“Who dares wins”, is a motto that Scott Britnell has lived by for much of his professional life.

The strength of that conviction was put to the test recently when the former special forces soldier took on the world’s toughest off-road motorbike endurance event: Dakar 18.

And just to make the 9500-kilometre event more challenging, this Omni Executive’s Head Trainer entered himself into its most demanding category, the “Marathon” class.

Competitors are required to navigate and sustain themselves and service and repair their bikes unsupported through some of the toughest terrain South America has to offer over 14 days.

The marathon class comprised 27 riders who are isolated from the rest of the competition. At the end of 12-16 hours of daily riding, they then complete their own servicing, maintenance, mechanical repairs and preparation for the next day, all without assistance.

But not just anybody can sign up and hope to take part in this classic endurance feat that shifted continents in recent years from its Paris-Dakar (Senegal) origins due to security concerns.

Scott had to prove he had the right stuff before being admitted to Dakar and he completed two punishing desert endurance rides in Abu Dhabi and Qatar.

“The first was pretty much sand dunes and the second, very, very rocky terrain – everything got shaken up on that one including me,” he said.

Scott even managed to fit in a double motor bike crossing of Australia in seven days to establish a new national record.

The second challenge was a financial one that demanded about $100,000 just to compete, including the purchase and preparation of a capable bike – a KTM 450RR – and other aspects of logistics and planning.

“I raised a fair bit myself and the balance came from a variety of sponsors and a public fundraising page,” he said.

“I was grateful for the support and determined to finish the Dakar course for those who supported me.”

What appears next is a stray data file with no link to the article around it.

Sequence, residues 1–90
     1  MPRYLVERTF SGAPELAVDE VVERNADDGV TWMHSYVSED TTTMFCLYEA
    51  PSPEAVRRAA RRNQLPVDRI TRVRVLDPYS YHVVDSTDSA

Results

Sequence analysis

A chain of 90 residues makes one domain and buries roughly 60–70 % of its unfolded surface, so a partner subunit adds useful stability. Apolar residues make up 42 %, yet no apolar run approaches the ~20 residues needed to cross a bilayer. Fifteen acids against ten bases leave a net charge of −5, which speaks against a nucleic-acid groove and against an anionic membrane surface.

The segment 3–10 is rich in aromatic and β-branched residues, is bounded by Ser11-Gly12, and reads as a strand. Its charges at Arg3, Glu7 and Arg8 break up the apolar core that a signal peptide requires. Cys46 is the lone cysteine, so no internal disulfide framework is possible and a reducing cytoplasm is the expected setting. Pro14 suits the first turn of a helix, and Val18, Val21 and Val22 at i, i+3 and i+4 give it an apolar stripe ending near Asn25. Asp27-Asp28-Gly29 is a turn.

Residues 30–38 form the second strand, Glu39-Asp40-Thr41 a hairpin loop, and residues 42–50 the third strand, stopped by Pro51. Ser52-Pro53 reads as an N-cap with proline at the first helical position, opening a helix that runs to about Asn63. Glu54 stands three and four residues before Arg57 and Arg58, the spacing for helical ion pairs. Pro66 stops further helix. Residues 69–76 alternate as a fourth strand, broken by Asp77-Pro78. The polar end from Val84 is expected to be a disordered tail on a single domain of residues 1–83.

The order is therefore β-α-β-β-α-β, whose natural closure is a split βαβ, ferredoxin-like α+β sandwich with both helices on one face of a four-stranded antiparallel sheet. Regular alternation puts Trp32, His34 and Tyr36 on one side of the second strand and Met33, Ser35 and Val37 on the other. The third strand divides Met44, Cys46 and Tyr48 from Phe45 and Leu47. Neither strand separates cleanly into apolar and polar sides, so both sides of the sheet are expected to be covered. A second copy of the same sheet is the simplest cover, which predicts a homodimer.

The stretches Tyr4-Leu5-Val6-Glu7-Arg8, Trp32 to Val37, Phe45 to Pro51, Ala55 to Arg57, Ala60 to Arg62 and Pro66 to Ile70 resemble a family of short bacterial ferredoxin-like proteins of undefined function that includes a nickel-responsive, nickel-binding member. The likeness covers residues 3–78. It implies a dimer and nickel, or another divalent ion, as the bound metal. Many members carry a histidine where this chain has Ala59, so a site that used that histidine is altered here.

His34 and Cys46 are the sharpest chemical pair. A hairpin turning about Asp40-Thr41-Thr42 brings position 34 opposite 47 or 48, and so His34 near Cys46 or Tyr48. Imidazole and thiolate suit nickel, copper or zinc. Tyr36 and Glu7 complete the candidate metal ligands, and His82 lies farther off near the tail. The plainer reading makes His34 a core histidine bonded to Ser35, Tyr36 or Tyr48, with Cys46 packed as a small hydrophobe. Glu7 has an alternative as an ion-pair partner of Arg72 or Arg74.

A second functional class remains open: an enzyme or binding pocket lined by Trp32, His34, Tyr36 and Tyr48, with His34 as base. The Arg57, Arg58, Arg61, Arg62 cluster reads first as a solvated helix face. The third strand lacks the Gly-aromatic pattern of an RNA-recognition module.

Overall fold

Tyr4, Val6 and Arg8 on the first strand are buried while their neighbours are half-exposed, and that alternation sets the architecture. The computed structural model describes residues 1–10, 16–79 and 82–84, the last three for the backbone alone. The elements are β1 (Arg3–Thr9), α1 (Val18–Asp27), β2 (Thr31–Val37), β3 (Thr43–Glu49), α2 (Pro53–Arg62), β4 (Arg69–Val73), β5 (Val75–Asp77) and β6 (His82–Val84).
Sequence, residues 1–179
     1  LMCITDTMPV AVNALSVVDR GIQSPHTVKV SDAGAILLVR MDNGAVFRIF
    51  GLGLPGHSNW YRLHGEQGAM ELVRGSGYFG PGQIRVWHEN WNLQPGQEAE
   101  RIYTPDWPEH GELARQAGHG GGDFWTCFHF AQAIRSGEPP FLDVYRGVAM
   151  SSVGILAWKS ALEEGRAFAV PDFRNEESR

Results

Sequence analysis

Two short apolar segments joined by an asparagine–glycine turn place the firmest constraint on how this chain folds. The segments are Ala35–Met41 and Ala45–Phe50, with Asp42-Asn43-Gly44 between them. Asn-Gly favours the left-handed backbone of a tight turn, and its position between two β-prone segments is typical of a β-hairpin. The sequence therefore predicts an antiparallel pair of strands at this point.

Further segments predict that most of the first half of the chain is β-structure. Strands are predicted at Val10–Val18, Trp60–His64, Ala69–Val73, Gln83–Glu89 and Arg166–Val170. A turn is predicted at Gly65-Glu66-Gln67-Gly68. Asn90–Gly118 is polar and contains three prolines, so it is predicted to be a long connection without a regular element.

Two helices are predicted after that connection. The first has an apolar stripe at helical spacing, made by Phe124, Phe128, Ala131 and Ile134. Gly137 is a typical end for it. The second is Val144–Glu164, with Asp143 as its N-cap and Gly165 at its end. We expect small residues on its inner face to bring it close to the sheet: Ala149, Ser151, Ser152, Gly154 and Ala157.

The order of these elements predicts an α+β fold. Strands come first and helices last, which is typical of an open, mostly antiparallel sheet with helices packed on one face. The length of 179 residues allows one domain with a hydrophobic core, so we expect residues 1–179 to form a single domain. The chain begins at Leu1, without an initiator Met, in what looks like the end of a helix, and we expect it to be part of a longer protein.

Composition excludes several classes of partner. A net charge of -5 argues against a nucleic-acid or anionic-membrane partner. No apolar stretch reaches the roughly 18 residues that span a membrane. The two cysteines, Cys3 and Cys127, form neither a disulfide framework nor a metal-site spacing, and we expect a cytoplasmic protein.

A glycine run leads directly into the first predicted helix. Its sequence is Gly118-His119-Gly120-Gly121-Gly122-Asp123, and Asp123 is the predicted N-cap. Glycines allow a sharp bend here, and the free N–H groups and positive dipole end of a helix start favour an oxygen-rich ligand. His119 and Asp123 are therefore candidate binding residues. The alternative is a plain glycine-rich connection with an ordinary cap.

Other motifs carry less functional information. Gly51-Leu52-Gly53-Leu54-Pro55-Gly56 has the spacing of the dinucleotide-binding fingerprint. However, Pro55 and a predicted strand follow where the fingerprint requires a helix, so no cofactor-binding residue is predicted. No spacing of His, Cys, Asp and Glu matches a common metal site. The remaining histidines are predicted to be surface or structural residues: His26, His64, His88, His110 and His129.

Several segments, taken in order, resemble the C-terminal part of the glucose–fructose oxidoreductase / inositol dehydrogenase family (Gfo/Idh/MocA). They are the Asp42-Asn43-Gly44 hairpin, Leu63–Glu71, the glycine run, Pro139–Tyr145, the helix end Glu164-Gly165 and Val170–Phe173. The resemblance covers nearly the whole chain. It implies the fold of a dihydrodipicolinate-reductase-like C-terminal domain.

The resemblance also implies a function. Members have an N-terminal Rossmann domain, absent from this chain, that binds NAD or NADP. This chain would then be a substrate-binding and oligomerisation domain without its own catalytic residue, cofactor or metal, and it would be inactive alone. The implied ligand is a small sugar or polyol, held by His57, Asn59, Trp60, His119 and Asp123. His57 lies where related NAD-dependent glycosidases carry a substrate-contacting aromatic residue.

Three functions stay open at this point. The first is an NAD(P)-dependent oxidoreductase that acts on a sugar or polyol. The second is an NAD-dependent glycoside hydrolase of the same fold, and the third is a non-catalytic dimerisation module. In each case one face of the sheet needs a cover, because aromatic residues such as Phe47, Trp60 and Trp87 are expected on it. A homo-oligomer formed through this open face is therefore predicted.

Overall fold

The KTR 450RR bike is especially designed for endurance races and only 40 are produced each year and need to be ordered more than 12 months in advance.

The race began in Lima, Peru, with 180 riders across all classes including the 27 in the marathon category.

“We spent about six days in Peru at pretty much sea level, but the terrain began to climb as we entered Bolivia and it eventually hit a high point of around 4500 metres,” he said.

High altitude was demanding on bike and rider with thin oxygen reducing the machine’s engine capacity by a good 30 per cent-40 per cent, making greater demands on concentration.

Scott said he quite frequently passed wrecked bikes or others that had simply been abandoned due to breakdown (for later recovery).

“Riding a bike through all kinds of terrain is equal parts concentration and requires the cultivation of a certain mindset,” he said.

“The tempo of the race forces you into a situation of compounding effects: you start the next day more tired, more worn and more bruised than the one before.  You struggle to upload enough fluid and calories to reach the next bivouac before sunset.”

After four days in Bolivia, the racers entered Argentina and spent a further five days pushing toward the finish line in Cordoba where Scott was among the 16 marathon classers out of 27 who earned the coveted status of “finisher”.

Scott said he had been seeking an experience that would really test him to his limits.

“The founders of the Dakar Rally promised ‘Challenge Through Adversity’ 40 years ago. That’s what I signed up for and Dakar didn’t let me down,” he said.

“It was an amazing experience and could only happen in a place like South America. We were really welcomed at both an official and a community level,” he said.

“Many of the local traffic rules were relaxed for racers because of the overall prestige the Dakar brought to the countries involved. And the race route was lined with locals cheering us on like they do on the Tour de France. We couldn’t have been made to feel more welcome.”

Scott acknowledged his sponsors and all those who contributed to his fundraising.

“This would have remained a dream, if it hadn’t been for the support of everyone who contributed their time, professional skills, product and/or hard-earned cash,” he said.

“None of them did it for a return on investment or a guarantee of a result. I sincerely thank them supporting one man’s desire to take on the world’s toughest off-road endurance motor sport event.

“I was determined to finish to repay the faith,” Scott said.

The adventurer is now back home with family, recharging his batteries and quietly contemplating the nature of his next challenge.

“Nothing definite yet, but I’m keen to have another crack at Mongolia at some point. That’s an amazing place,” he said.

Published 24 October 2017